For many years, when I thought of swamps, I thought of great boggy monsters covered in slime, of massive snakes slithering along, leaving nothing but fear in their wake, of murky water slathered in green algae. I also thought of other places. Swamps were in the south. Swamps were in mysterious, undisclosed locations.
Swamps for me are places of imagination: where scary things happen. I think much of this was influenced by movies and books where a "swamp setting" made for fantastic fiction!
As an explorer, however, I've found that swamps make for great adventures because there is so much life happening right there before your eyes! And, swamps are everywhere! One of my favorite swamps is in an unlikely place: Cape Cod, Massachusetts. I think of Cape Cod as all ocean and wave, but it's also dark wood and swamp still water.
On a recent adventure to Red Maple Swamp in Cape Cod, I took this picture:
So this is a rather pretty picture of some fall trees... or is it? What happens when we start to think about how swamps work?
A swamp is a kind of wetland--one of the ways we classify land. Wetlands are not entirely water, like a lake or a river. But, they are not entirely land either: they have pockets of still water. No matter the weather: rain, sleet, snow, or hot, humid, dry & sunny, swamps are, by definition, almost always wet, but the water levels vary. When it rains, swamps soak up the water which helps nearby land to stay dry (think of how a sponge soaks up water and keeps it inside). Different than a lake or a stream, the swamp is filled with tiny little islands of have trees.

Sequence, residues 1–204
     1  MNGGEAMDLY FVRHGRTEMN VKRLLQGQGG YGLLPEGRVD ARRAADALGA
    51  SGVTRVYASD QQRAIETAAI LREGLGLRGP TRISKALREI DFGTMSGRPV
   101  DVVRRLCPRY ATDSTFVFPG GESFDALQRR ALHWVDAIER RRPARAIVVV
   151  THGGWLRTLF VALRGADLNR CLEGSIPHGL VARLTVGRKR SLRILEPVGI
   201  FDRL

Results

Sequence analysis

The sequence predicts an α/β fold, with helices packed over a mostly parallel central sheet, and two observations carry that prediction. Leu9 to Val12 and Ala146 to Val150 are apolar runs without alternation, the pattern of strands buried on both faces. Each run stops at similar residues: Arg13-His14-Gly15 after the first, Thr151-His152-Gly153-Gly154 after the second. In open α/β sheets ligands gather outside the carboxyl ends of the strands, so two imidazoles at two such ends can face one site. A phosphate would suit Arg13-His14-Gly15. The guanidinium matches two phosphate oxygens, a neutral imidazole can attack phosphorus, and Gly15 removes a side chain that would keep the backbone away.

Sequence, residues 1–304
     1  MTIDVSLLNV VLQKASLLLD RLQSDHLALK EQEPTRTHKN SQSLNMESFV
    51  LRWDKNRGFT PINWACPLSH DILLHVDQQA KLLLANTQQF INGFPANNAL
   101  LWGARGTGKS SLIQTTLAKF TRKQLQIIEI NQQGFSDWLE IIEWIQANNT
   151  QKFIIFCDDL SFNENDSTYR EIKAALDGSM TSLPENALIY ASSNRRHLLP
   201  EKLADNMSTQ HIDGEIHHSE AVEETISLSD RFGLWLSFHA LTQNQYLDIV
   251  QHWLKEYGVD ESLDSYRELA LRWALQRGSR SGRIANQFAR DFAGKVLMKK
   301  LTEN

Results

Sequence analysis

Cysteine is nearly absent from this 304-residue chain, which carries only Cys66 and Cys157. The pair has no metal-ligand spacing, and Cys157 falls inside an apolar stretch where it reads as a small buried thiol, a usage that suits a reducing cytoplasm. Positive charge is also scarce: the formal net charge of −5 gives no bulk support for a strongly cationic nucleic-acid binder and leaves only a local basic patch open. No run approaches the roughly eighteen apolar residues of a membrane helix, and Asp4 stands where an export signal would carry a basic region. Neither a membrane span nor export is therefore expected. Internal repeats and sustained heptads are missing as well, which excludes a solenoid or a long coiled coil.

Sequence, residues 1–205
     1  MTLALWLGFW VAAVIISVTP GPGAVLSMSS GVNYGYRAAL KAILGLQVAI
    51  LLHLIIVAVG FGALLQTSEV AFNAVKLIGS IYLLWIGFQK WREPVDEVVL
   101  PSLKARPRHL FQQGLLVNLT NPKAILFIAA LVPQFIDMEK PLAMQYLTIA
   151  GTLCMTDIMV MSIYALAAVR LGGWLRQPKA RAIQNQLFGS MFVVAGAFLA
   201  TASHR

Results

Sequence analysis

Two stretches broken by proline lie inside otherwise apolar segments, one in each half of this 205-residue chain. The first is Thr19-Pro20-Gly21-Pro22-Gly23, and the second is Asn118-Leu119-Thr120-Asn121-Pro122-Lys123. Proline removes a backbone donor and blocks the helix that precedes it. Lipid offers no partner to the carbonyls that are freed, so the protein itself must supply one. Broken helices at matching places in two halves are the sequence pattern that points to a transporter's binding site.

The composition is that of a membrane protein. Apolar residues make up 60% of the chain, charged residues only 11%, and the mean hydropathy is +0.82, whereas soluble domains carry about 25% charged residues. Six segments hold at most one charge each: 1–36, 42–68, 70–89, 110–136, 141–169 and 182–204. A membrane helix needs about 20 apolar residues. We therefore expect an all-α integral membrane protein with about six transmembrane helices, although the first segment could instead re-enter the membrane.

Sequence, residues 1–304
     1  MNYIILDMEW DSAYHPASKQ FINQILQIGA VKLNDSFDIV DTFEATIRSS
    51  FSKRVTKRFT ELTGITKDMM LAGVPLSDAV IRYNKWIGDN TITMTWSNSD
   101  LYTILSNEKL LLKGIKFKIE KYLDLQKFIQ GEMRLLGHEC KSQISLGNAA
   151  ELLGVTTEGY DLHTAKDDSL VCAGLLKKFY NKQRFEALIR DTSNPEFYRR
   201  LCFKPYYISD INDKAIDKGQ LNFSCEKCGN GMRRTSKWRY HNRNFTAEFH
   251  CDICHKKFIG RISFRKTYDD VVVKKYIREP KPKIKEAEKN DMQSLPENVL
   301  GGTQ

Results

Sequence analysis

So, let's look again and break down all of the different parts of that original picture:
More than just a pretty picture, my first picture shows more than I thought in the beginning. In this one photo you can see trees, moss, lichen, grass, and a root system (plus water!). Working together, this creates a swamp. And, today, scientists know that swamps do important work. Not only do they soak up water to prevent flooding in other areas, they also help to clean the water. The roots from the trees and plants suck up whatever is in the water--good and bad--to clean the water. Eventually, that water soaks back into the soil and becomes part of what we know as "ground water," an important source for healthy drinking water, water that refills lakes and ponds, and water that is used to irrigate our plants and crops for food. So, next time you think about a "swamp setting," think about all of the cool ways swamps help our world with clean water (and a neat place for mysterious adventures).
Cool swamp words:
Kettle-hole: Red Maple Swamp is actually a kettle-hole swamp. That means it was formed long ago when a glacier melted. Basically, the kettle-hole is the hole left behind after the glacier melted!
Decay: a natural process of change where something gradually decomposes (falls apart, "rots"). In the swamp, this leads to new life. A tree log decays, but a new tree grows out of the nutrients left behind.
Beard Lichen: a kind of moss that grows on trees (see above) that looks like a beard! (Beard lichen is the common term for several different kinds of moss).